Scientists have discovered a biological switch in blue-green algae that reacts to light and changes how electrons are transported within the cells. The new findings could help in engineering algae for improved biofuel production. The results of the research were published on July 10, 2012 in Proceedings of the National Academy of Sciences.
Blue-green algae, also known as cyanobacteria, are well known for their explosive growth when given the right combination of light, nutrients and warm water. Due in part to their high growth rate, their ability to use wastewater as a source for nutrients and their ability to grow without competing with arable land used to grow food, cyanobacteria and other types of algae have become a prime target for biofuel production.
Lack of light is often a major constraint in algae biofuel production systems because algae need light to photosynthesize. Attempts to increase the amount of light delivered to algae in bioreactors typically involve the use of energy-demanding mixing systems or smaller and more expensive growth chambers.
Alternatively, scientists could try to improve the way that algae grow under low light conditions. But first, they need to more fully understand how the biological molecules within cells respond to light.
To examine how cyanobacterial cells respond to light, scientists attached a green fluorescent protein tag to two key respiratory complexes in the species Synechococcus elongatus. Then, they exposed the cyanobacterial cells to either low light or moderate light conditions in the laboratory and tracked changes in the cells by viewing the cells under a microscope.
The scientists discovered that brighter light caused the respiratory complexes to redistribute throughout the cells from discrete patches into more evenly distributed locations. The redistribution of respiratory complexes appeared to be triggered by changes in the redox state of an electron carrier close to plastiquinone, and resulted in a major increase in the probability that electrons would be transferred to photosystem I, an integral component of the photosynthetic complex shown in the diagram below.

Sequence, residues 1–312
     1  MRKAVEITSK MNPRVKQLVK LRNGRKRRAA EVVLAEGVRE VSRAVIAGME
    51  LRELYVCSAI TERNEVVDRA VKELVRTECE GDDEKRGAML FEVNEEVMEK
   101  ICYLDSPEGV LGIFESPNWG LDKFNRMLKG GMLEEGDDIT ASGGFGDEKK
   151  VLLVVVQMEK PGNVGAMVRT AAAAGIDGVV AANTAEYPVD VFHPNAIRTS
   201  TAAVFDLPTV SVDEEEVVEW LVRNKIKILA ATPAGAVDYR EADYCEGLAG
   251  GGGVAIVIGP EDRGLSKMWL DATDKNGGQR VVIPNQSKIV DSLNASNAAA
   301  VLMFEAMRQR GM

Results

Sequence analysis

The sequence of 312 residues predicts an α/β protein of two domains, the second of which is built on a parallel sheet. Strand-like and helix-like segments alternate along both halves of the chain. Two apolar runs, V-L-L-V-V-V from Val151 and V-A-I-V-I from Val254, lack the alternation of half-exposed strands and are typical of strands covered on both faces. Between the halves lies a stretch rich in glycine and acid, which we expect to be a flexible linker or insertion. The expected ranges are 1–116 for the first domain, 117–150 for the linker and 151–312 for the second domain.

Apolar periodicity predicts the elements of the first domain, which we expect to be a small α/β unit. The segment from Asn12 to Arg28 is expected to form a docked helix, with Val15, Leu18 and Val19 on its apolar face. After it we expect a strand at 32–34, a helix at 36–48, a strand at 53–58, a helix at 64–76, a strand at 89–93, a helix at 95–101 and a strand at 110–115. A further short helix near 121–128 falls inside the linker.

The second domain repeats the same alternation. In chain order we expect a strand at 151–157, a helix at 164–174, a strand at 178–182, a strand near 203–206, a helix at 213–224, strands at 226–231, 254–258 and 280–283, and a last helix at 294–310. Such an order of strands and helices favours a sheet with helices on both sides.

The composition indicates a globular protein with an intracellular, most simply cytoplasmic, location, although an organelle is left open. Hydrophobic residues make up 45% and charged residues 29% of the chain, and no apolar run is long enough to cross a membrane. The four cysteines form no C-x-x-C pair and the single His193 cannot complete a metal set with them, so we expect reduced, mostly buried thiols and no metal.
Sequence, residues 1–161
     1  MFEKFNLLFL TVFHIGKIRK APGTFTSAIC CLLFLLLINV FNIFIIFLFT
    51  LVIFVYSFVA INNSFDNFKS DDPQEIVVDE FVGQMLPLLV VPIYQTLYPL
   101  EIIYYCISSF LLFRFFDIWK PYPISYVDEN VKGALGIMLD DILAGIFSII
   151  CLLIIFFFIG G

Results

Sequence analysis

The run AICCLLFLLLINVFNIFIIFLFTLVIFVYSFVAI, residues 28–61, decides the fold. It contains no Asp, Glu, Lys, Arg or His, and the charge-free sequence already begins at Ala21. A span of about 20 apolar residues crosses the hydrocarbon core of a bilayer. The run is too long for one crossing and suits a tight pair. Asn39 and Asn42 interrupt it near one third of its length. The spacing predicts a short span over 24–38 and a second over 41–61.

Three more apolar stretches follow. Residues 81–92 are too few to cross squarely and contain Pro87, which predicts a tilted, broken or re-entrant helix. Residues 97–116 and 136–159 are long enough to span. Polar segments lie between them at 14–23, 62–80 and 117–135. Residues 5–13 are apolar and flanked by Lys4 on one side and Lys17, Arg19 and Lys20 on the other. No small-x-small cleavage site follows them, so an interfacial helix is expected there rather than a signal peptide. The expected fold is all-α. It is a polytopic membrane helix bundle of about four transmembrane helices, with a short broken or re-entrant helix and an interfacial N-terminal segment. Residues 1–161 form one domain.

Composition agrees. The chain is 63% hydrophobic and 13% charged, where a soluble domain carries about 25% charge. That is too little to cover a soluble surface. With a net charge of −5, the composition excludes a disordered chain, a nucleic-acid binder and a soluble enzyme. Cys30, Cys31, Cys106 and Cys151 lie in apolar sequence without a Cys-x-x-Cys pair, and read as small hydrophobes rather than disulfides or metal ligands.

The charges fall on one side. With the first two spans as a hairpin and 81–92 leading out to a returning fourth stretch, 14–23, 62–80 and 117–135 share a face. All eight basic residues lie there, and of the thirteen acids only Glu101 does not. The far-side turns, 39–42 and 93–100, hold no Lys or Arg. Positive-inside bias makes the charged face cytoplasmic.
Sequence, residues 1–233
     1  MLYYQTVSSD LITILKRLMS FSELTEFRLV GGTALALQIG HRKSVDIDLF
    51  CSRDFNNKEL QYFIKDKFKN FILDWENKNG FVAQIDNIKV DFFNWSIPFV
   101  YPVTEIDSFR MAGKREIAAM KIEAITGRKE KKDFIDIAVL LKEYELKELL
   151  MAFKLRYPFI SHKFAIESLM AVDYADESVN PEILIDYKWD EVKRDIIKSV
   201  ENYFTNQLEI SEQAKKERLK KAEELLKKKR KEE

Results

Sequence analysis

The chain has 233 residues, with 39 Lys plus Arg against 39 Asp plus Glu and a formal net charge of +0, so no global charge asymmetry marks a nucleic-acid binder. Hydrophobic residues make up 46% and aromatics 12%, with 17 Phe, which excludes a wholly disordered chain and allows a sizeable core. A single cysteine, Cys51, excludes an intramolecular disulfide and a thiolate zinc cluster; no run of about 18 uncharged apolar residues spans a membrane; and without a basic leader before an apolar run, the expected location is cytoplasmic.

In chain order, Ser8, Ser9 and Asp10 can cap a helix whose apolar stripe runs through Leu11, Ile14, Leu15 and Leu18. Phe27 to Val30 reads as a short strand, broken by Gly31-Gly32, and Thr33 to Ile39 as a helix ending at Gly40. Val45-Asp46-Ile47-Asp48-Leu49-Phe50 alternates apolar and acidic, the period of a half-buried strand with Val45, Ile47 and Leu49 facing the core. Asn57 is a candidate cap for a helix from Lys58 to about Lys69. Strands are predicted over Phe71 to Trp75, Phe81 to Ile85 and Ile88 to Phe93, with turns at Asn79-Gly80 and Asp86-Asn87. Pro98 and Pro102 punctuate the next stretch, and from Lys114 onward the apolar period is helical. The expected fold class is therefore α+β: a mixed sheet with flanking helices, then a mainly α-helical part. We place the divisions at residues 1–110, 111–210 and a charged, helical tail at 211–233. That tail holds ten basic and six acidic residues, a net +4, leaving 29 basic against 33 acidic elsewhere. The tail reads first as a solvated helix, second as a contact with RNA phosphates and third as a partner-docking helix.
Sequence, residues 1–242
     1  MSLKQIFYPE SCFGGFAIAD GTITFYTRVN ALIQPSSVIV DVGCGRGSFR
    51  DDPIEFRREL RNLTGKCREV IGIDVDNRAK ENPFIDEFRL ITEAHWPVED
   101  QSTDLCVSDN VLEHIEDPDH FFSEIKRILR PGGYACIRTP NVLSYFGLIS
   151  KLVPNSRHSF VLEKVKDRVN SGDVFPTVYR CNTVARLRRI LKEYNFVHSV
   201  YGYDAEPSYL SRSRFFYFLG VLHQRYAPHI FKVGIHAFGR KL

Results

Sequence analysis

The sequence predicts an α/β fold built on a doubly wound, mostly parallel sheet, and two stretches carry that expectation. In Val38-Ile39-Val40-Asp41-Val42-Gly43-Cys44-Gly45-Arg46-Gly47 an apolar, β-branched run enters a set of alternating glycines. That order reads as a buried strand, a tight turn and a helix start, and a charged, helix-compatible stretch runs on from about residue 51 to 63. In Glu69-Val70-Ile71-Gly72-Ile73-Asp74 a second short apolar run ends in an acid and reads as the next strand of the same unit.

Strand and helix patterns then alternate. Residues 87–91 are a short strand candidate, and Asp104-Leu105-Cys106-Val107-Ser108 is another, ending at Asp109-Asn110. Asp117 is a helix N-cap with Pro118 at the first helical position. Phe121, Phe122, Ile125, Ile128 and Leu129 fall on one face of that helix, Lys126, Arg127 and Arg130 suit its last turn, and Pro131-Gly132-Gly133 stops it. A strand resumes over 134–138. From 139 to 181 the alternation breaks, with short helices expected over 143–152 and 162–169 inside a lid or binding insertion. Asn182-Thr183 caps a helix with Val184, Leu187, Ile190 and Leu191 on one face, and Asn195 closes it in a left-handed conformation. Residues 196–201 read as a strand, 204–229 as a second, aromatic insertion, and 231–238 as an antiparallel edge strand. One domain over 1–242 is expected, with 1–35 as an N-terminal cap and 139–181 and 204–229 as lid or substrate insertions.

The research was carried out by seven scientists from Queen Mary, University of London, the Imperial College London and the University College London.
Conrad Mullineaux, who is a Professor of Microbiology at Queen Mary, University of London and co-author of the new paper, commented on the findings in a press release. He said:
Any organism that breathes or photosynthesizes depends on tiny electrical circuits operating within biological membranes. We are trying to find out what controls these circuits: what makes the electrons take the routes that they do, and what switches are available to send the electrons to other destinations?
He commented on the new findings further in an interview with Ecoimagination:
It’s rather like a familiar electrical switch. You press on it to change the position of the wires, and thereby change what the electrons do. At this state, we’re just trying to understand what’s happening in the cell. But the potential is there to exploit the knowledge for biofuel production.
Bottom line: Scientists have discovered a biological switch in cyanobacteria that reacts to light and changes how electrons are transported within the cells. The new findings could help in engineering blue-green algae for improved biofuel production. The results of the research were published on July 10, 2012 in Proceedings of the National Academy of Sciences.
Deanna Conners is an Environmental Scientist who holds a Ph.D. in Toxicology and an M.S. in Environmental Studies. Her interest in toxicology stems from having grown up near the Love Canal Superfund Site in New York. Her current work is to provide high-quality scientific information to the public and decision-makers and to help build cross-disciplinary partnerships that help solve environmental problems. She writes about Earth science and nature conservation for EarthSky.